Spices Found in Indonesia

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The food and spices of Indonesia are a reflection of its rich history. With more than 17,000 islands, this Republic is also referred to as the Spice Islands. The foods are greatly influenced by some nearby countries, including India, but also by far away countries including Spain, Portugal, the Middle East and China.

Cabai, or Chili Pepper

  • Many savory dishes in Indonesian cuisine require some heat to them and a variety of chili peppers commonly found in households can accomplish this. The large red Cabai chilis of Indonesian cuisine are considered to be very hot. The level of heat in each dish varies according to how much you add.

Jahe, or Ginger Root Seed

  • Jahe adds a tiny bit of heat to a dish, but also adds some health and medicinal properties. Ginger has long been used in Southeast Asian countries to treat nausea, flu, menstrual cramps and fever. There is also a popular drink in Indonesia called "wedang jahe," which is a mixture of ginger and palm sugar.

Kunyit , or Turmeric

  • Kunyit, or Turmeric, belongs to the same family as ginger. A cook can use it as a spice to add flavor to a dish and as a colorant. If he desires an orange-yellow color in his dish, he might use turmeric. He could also use the leaves of the plant in Minangese and Padangese curry.

Kapulaga, Cardamom

  • Cardamom imparts a slightly bitter taste but also bold color. It is used for medicinal purposes in some areas, treating everything from digestion issues to tuberculosis. As a spice, many people use it in desserts and some teas, including chai. Though cardamom is the world's third most expensive spice, a little goes a long way.

Adas, or Fennel

  • This spice is better known to many as "the licorice spice" because it tastes like black licorice. In Indonesian cuisine, you can used it with eggs and fish to give dishes a savory flavor. It is also a key component of "gripe" water, which is used to ease colicky babies.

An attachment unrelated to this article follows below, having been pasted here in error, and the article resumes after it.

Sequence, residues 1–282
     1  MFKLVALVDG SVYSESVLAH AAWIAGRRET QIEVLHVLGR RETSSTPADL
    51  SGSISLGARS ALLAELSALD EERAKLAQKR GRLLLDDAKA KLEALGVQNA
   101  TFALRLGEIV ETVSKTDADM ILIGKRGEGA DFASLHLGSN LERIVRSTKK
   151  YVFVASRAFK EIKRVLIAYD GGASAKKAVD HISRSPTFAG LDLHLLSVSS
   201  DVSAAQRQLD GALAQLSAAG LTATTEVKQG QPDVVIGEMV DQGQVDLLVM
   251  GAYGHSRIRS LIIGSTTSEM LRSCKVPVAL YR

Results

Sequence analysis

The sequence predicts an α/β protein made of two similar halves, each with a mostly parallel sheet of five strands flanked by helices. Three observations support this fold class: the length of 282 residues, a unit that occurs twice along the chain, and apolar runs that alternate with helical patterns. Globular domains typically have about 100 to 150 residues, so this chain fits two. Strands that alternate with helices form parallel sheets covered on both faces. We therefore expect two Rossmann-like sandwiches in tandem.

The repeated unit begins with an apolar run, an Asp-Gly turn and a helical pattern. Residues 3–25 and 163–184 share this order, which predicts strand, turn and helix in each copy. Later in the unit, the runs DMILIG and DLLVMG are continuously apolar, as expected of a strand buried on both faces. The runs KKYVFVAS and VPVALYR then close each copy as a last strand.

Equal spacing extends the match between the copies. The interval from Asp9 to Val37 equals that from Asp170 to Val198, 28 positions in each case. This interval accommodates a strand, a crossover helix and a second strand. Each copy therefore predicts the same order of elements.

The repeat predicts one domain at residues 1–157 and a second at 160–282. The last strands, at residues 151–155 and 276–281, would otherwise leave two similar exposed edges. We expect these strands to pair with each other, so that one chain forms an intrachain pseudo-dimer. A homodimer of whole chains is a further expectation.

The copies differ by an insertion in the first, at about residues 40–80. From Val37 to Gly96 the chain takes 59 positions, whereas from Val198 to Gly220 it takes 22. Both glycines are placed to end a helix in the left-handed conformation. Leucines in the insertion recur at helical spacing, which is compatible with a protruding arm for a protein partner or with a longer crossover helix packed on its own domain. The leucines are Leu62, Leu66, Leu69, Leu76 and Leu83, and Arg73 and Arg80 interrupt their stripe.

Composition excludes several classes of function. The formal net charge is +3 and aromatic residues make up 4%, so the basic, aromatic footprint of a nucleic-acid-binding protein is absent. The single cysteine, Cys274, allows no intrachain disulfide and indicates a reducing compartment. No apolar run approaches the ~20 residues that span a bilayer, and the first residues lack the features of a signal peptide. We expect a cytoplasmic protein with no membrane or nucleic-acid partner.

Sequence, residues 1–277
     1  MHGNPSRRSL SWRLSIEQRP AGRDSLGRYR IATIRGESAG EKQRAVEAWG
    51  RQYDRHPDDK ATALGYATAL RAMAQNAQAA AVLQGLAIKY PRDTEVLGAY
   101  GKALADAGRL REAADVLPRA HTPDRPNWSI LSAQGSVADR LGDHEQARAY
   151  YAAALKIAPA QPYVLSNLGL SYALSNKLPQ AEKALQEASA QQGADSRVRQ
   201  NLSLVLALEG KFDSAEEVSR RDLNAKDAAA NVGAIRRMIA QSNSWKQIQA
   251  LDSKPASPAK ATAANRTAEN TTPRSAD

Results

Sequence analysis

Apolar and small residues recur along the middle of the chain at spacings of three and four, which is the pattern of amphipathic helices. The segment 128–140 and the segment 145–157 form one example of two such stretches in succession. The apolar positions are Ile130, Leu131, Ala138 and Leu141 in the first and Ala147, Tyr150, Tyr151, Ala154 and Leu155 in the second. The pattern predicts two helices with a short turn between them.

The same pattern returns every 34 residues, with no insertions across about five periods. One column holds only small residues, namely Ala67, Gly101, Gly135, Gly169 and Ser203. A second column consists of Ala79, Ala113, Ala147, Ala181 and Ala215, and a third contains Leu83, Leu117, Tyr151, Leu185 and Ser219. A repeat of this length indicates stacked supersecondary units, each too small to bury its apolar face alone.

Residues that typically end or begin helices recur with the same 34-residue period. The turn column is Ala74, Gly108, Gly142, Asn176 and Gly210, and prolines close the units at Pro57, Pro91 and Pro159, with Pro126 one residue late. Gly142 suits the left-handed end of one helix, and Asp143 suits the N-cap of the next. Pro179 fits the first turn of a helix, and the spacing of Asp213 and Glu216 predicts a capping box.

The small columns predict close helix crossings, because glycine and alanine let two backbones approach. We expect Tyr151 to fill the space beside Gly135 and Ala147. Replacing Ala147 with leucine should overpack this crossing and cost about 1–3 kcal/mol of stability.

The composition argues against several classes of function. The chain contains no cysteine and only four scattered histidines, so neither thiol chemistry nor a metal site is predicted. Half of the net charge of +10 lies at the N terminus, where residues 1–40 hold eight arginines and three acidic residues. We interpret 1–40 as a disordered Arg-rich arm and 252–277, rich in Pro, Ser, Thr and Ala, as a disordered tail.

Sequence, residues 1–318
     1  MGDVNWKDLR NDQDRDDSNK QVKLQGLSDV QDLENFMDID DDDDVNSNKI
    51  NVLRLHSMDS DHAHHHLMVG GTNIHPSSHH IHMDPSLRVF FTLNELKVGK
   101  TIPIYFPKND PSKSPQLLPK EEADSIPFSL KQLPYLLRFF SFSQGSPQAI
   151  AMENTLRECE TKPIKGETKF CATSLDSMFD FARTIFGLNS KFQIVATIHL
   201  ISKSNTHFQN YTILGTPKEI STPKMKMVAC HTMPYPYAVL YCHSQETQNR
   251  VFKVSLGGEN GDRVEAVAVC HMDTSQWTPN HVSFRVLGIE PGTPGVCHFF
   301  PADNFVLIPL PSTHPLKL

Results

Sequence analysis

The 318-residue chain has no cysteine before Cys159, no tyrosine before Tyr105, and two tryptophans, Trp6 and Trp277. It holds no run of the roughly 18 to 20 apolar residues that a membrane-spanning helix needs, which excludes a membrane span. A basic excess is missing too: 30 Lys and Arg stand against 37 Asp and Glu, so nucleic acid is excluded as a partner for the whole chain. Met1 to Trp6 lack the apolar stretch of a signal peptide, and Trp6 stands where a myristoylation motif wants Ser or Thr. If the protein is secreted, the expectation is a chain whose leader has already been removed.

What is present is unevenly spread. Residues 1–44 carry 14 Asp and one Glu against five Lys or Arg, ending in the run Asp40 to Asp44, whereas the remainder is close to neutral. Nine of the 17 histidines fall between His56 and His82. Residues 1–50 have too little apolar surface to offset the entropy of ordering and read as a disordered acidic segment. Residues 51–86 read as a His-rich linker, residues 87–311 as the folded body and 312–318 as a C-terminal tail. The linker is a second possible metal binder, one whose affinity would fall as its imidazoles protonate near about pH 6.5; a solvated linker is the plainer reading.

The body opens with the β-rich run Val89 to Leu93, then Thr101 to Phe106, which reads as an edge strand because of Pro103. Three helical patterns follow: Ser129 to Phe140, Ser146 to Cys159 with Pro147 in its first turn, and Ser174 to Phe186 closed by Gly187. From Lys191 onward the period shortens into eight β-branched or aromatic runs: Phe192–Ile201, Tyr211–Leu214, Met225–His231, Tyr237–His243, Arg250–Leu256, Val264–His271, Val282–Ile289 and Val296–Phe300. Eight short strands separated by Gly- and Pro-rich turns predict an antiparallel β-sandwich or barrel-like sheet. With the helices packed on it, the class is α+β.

Kayu Manis, or Cinnamon

  • The Indonesian islands of Java and Sumatra cultivate cinnamon, which you can use to spice coffees, teas and sweets. Unlike other cinnamons, Indonesian cinnamon is packed in neat little quills and is so hard that you can't grind it properly without risk of dull or broken blades. It is therefore often used whole in dishes or drinks.

Kemiri, or Candlenuts

  • Candlenuts come from a flowering tree that produces small nuts that are so oily you can use them for candles, hence their name. Indonesian cooks often use it to make a thick sauce eaten with rice, noodles or vegetables. Some also use it as a medicinal substitute for castor oil.

Cengkeh, or Cloves

  • Like many Indonesian spices, cloves have multiple uses. You can crush them or roll them to smoke in a cigarette or pipe. You can also used them to flavor stocks and broths, which are in turn used to make soups and other dishes. You can often use these same stocks to flavor fish and beef dishes.

Asam, or Tamarind

  • The tamarind tree produces small pods that have the sticky tamarind, or asam, inside. Asam has a sour taste that is used in candies around the world. You can also use it as a souring agent in dishes or to tame the heat of especially spicy Indonesian dishes.

Ketumbar, or coriander

  • Though many know coriander as cilantro, the coriander used in Indonesia is actually the seed and not the leafy herb used in Indian, Mexican and other cultures. The coriander seeds are used to spice soups, stews and curries. The seeds are small and can easily be eaten whole.

Galangal, or Blue Ginger

  • Though Galangal is sometimes referred to as blue ginger, it does not taste like ginger. It does, however, resemble ginger quite a bit and they are a part of the same family. It is used in Indonesian culture in "soto," a traditional broth dish. You can eat the broth in a variety of ways, including with chicken, fish and various vegetables, depending on the area of Indonesia in which it is being served.

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